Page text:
The 141,000-ton ship has a Wartsila diesel-electric powerplant with four 46F engines with a total output of 62 MW, and traditional shaft drives.
Partially thanks to the hull shape, the Royal Princess, which is 25 percent larger than the Ruby, has 15 percent less installed propulsion power, and is optimized to sail at 22 knots, according to Stuart Hawkins, senior vice president of newbuilds.
The propulsion, power generation and distribution facilities include two SAM Electronics 18 MW, 133-142 rpm diesel-electric low-noise propulsion motors. Other equipment include six 2.5 MW thruster drives, four diesel generators, six AC motors for bow and stern thrusters, two dedicated 11 kV switchboards for high voltage distribution, and eight distribution transfers for low voltage mains supply.
The bridge system includes a NACOS Platinum integrated navigation and automation control system.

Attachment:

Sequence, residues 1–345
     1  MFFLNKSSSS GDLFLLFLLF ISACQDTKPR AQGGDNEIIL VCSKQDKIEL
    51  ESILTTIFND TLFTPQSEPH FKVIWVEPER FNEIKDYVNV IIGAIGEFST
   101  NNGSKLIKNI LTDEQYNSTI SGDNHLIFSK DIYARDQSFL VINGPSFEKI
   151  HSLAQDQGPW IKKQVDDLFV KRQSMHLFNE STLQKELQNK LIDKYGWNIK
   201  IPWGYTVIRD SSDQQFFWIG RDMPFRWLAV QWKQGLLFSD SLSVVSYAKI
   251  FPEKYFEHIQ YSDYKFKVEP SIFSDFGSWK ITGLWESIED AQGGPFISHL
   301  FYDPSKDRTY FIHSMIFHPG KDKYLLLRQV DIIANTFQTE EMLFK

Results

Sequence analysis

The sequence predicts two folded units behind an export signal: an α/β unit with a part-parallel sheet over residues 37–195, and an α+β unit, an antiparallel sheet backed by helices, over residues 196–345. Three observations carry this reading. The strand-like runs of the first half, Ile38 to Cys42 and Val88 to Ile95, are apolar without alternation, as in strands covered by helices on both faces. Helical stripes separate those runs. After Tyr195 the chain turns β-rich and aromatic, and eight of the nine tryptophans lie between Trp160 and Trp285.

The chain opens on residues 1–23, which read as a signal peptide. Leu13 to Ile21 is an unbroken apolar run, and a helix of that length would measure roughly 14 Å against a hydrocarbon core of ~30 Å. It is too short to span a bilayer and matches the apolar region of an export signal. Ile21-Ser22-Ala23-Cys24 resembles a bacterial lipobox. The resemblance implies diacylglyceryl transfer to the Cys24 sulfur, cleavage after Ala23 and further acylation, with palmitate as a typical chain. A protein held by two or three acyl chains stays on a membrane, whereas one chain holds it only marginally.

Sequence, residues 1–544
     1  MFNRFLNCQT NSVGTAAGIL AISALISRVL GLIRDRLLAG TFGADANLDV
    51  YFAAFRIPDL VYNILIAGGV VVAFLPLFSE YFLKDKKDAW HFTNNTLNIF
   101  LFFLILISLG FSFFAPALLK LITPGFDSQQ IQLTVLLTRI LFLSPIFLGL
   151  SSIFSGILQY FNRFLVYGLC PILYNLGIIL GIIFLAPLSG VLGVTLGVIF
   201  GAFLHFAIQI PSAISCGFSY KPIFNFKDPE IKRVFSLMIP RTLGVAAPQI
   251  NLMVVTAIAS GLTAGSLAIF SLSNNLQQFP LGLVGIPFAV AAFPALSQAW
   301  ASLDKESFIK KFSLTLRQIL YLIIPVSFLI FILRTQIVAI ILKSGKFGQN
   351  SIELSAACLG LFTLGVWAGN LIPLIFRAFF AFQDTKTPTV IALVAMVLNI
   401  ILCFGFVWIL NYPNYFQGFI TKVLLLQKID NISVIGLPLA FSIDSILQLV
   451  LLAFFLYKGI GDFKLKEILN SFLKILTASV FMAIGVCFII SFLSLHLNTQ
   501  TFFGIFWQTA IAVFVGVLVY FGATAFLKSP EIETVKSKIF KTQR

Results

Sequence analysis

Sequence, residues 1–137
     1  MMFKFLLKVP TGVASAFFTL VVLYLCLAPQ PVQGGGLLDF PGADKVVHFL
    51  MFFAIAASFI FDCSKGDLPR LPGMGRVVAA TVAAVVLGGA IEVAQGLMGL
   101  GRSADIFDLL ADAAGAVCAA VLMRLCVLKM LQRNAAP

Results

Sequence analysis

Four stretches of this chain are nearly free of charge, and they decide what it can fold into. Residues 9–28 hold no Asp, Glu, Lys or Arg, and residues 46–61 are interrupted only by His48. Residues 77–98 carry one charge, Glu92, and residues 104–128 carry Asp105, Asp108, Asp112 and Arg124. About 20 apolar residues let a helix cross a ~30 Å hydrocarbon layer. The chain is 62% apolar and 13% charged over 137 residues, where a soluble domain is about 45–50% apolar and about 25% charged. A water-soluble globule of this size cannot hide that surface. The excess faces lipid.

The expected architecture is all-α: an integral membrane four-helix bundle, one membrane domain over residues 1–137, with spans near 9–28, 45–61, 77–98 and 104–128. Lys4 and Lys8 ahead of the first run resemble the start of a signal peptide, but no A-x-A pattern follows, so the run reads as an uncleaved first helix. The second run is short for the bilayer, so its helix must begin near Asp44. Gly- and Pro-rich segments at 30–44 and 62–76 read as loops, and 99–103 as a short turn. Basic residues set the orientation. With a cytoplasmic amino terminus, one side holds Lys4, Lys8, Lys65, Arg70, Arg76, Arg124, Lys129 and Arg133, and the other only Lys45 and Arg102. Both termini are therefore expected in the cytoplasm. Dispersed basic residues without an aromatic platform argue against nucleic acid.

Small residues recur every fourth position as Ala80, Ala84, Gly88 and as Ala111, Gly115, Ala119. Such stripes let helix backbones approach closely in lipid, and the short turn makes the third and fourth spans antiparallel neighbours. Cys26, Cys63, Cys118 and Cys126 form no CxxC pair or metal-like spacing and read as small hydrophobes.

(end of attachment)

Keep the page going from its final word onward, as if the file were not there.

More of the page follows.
Among the highlights of the Royal Princes is the Seawalk with glass and glazing by Somec Marine and Architectural Envelopes. The company also designed, manufactured and installed all the balcony sliding doors, balustrades and partitions from Deck 8 up to Deck 16.
On Deck 4, Somec provided external glazing for the Croone’s Bar and Seafood restaurant to withstand loads of 1,500 kg per square meter, and on Deck 14, a continuous glass wall for the bridge.
Hatecke has supplied the lifeboats with davits by Navalimpianti.
Galley suppliers include Sveba-Dahlen for bakery ovens.
The Royal Princess is classed 100A1 Passenger Ship with Lloyd’s Register (LR), and carries ShipRight, (SDA, CM), IWS, LMC and CCS notations, in addition to the Maltese Cross, assigned to ships constructed under LR special survey, in compliance with all rules, and the full satisfaction of the class society.
>> Also in this section: Norwegian Breakaway and Europa 2